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11 Red Birds in North Carolina (with Photos)

North Carolina, also known as the Tar Heel State or the Old North State, is nestled on the coast of the Southeastern United States. From the coast, across the Piedmont Plain, to the Appalachian Mountains in the west, North Carolina is rife with beautiful landscapes. The state is home to several species of red birds, and this article will give you more information about which red birds call North Carolina Home.

11 Red Birds in North Carolina

North Carolina is home to several red bird species. Our list includes common species regularly seen in the state, as well as a few rare ones. These red bird species include the northern cardinal, summer tanager, scarlet tanager, house finch, purple finch, red crossbill, red-headed woodpecker, rose-breasted grosbeak, painted bunting, vermilion flycatcher and the white-winged crossbill. 

1. Northern Cardinal

Male Northern Cardinal | Image: Jean Beaufort,

Scientific Name: Cardinalis cardinalis

The Northern cardinal is an iconic red bird in North Carolina. So much so, it became the official state bird. The males of this species have bright red feathers and a distinct crest that is hard to miss. The males are also characterized by a black mask across the eyes. Females are a more muted brown color with only the slightest hint of red on their crest, wings, and tail. These birds usually travel in pairs in the summer and small groups in the winter, and are common visitors to backyards and bird feeders throughout the entire state. If you are looking to attract these beauties to your backyard, using black sunflower seeds is the trick. Northern cardinals remain in North Carolina all year.

2. Summer Tanager

summer tanager male
Male Summer Tanager

Scientific Name: Piranga rubra

Summer tanagers are medium-sized songbirds found throughout North Carolina. Male summer tanagers plumage is completely red, making them the only completely red bird in North America. In contrast, the female has a yellowish-green hue, which helps camouflage her during nesting. The juvenile males are yellowish-green as well, developing beautiful red hues as they mature.

As the name suggests, these birds are seen in the U.S. during the summer when they travel north for the breeding season. They migrate south to the warmer climates of South America during the winter. These birds are experts at catching bees and wasps, snatching them mid-flight without getting stung, and removing the stinger before eating. After killing the adult bees and wasps, summer tanagers may attack the nests to consume the larvae inside.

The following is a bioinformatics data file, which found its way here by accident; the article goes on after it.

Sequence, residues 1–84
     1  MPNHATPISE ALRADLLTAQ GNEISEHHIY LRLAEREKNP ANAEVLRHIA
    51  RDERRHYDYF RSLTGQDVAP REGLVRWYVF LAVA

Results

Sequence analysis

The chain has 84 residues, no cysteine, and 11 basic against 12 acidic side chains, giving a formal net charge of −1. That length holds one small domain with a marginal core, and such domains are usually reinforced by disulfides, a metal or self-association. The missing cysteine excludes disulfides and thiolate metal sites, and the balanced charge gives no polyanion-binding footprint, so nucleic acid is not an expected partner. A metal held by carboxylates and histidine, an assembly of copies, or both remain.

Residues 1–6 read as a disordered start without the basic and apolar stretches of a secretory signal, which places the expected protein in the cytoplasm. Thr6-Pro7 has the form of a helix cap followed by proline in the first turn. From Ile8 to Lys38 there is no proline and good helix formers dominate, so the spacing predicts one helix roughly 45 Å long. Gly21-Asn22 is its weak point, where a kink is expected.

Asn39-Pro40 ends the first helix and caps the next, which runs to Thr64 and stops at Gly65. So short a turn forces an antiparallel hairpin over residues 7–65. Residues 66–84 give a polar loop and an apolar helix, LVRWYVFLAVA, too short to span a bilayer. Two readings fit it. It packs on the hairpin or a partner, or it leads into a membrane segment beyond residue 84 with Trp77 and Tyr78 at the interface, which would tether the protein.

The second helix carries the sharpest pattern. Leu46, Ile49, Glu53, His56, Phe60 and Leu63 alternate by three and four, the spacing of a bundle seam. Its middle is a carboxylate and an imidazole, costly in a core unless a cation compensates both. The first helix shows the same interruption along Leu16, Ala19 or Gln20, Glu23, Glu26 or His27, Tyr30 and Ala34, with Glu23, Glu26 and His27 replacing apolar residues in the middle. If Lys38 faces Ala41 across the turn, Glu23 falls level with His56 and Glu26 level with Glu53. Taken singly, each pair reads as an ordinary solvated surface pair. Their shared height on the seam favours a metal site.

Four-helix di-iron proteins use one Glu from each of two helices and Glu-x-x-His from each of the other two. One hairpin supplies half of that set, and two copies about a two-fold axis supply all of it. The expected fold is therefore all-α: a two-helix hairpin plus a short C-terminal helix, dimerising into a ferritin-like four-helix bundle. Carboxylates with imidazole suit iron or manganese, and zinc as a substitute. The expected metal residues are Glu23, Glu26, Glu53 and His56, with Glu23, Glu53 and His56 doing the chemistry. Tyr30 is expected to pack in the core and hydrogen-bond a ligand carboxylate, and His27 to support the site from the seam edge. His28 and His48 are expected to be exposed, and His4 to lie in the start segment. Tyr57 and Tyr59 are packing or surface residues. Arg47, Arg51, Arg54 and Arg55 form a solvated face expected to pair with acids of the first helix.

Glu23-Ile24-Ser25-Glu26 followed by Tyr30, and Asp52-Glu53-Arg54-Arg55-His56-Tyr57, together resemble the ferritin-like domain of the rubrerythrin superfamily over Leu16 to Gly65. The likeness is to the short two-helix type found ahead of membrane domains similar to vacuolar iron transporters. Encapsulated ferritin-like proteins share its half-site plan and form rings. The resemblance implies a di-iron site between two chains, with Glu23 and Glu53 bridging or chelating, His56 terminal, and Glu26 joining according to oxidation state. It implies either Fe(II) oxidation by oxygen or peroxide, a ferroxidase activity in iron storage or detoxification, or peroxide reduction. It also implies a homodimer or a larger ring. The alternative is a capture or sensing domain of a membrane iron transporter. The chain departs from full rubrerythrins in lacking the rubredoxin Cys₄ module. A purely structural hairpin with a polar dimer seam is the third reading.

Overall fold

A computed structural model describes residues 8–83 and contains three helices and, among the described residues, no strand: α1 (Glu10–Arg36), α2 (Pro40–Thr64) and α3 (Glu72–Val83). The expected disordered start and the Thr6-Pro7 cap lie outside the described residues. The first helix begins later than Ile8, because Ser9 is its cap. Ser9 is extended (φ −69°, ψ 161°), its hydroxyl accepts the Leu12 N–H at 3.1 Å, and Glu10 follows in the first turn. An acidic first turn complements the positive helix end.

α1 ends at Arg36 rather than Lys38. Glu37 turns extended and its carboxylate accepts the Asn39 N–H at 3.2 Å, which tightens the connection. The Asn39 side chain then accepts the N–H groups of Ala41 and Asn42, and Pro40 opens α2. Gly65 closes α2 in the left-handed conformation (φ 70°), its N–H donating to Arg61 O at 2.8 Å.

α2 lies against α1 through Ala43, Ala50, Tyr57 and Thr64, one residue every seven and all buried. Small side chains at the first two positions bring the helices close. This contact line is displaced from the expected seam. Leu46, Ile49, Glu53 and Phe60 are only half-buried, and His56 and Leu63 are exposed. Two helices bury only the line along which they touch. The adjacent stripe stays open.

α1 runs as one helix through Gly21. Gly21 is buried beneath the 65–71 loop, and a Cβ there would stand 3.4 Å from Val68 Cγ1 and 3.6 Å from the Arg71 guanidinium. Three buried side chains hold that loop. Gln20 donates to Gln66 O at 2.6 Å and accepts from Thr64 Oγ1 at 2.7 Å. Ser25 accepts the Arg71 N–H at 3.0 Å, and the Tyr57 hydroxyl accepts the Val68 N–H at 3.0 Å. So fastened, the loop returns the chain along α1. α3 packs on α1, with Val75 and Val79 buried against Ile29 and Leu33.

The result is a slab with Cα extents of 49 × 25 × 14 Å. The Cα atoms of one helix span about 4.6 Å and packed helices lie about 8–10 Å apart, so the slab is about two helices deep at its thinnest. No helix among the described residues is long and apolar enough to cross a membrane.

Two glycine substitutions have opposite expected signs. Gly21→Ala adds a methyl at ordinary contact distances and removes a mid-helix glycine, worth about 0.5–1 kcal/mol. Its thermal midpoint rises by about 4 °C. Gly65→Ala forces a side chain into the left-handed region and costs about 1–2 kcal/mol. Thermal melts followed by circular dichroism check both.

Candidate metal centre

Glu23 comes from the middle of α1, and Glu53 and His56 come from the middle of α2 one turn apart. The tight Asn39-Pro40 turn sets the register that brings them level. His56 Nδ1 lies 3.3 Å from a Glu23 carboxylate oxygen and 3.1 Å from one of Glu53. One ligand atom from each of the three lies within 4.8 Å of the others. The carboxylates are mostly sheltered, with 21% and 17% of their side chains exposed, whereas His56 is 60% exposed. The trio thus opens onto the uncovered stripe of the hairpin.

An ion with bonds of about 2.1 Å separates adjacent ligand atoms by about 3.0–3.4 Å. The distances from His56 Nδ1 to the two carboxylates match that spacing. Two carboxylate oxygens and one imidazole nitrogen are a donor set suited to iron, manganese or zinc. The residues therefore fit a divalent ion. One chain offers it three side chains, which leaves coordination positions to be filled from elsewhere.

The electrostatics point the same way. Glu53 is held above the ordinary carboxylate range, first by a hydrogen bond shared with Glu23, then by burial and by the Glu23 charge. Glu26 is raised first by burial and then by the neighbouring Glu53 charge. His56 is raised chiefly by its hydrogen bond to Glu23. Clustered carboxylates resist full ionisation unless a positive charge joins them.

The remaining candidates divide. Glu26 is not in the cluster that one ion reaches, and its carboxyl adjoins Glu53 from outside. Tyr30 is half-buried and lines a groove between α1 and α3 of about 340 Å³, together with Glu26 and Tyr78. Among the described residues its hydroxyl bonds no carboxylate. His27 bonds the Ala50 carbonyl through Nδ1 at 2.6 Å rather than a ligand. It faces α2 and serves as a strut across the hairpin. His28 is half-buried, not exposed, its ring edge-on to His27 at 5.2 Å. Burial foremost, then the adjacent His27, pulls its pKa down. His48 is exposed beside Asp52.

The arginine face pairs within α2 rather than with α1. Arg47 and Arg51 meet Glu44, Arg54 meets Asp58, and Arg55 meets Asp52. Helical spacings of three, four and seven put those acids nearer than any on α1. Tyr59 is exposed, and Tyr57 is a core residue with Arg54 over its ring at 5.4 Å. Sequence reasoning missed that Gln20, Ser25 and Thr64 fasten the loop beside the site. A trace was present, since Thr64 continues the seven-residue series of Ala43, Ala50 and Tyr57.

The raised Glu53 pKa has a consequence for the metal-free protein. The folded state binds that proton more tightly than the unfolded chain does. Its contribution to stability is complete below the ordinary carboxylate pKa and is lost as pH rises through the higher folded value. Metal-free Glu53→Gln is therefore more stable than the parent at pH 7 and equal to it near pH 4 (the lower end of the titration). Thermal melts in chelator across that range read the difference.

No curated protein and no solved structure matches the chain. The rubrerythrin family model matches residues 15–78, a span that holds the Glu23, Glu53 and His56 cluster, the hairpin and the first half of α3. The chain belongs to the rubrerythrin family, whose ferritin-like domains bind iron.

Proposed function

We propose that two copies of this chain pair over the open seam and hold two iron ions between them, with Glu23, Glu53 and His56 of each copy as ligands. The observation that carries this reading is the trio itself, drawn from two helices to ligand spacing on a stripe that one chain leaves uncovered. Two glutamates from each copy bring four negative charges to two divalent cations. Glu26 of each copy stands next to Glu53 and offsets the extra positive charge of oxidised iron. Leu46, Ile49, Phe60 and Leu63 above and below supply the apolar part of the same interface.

3. Scarlet Tanager

Scarlet tanager
Male Scarlet Tanager | source: Kelly Colgan Azar | CC BY-ND 2.0 | flickr

Scientific Name: Piranga olivacea

Another striking red bird found throughout much of North Carolina during the summer is the scarlet tanager. The males of this species are bright red with black wings and tails. Like many other red birds, the females are more subdued. In this case, they are yellowish-green to help them blend in with their forest surroundings.

Scarlet tanagers primarily feed on insects but also eat wild berries and fruit. These birds spend much of their time in the canopies of tall oak trees, so they may be a little harder to spot than some of the other birds on this list. If you learn what their “chick-burr” call sounds like, you’ll be able to listen for them in the woods even if you can’t spot them.  

4. House Finch

Male House Finch (Image:

Scientific Name: Haemorhous mexicanus

The house finch is a small, charming songbird that has established a year-round presence in North Carolina. House finches are relatively small birds with stout bodies and conical beaks adapted for seed-eating. Both males and females have brown and cream steaks all over their body, but males also have a red wash on their head and chest. Sometimes the red is faint, other times it can be quite deep.

House finches remain in North Carolina all year, and are very common at backyard feeders. They have a sweet, long, twittering song, and are known for nesting close to human activity such as in potted plants or outdoor wreaths. 

5. Purple Finch

purple finch male
Purple Finch | image by Alan Schmierer via Flickr

Scientific Name: Haemorhous purpureus

Purple finches are small songbirds found in North Carolina mainly during the winter months. Though not as common as the house finch, sightings have been reported throughout much of the state.

The males of this species have striking raspberry-colored plumage on their heads that runs down their bodies, fading into brown and cream-colored feathers. Females are just brown and white. If you want to try catch a glimpse of these red birds, put black oil sunflower seeds in your feeders. 

It can sometimes be hard to tell them apart from male house finches, but here are a few things to look for. Purple finches have a much more raspberry/pinkish/purple hue while house finches are more red/brick red. Purple finches have color on more of their body, including their entire face and back.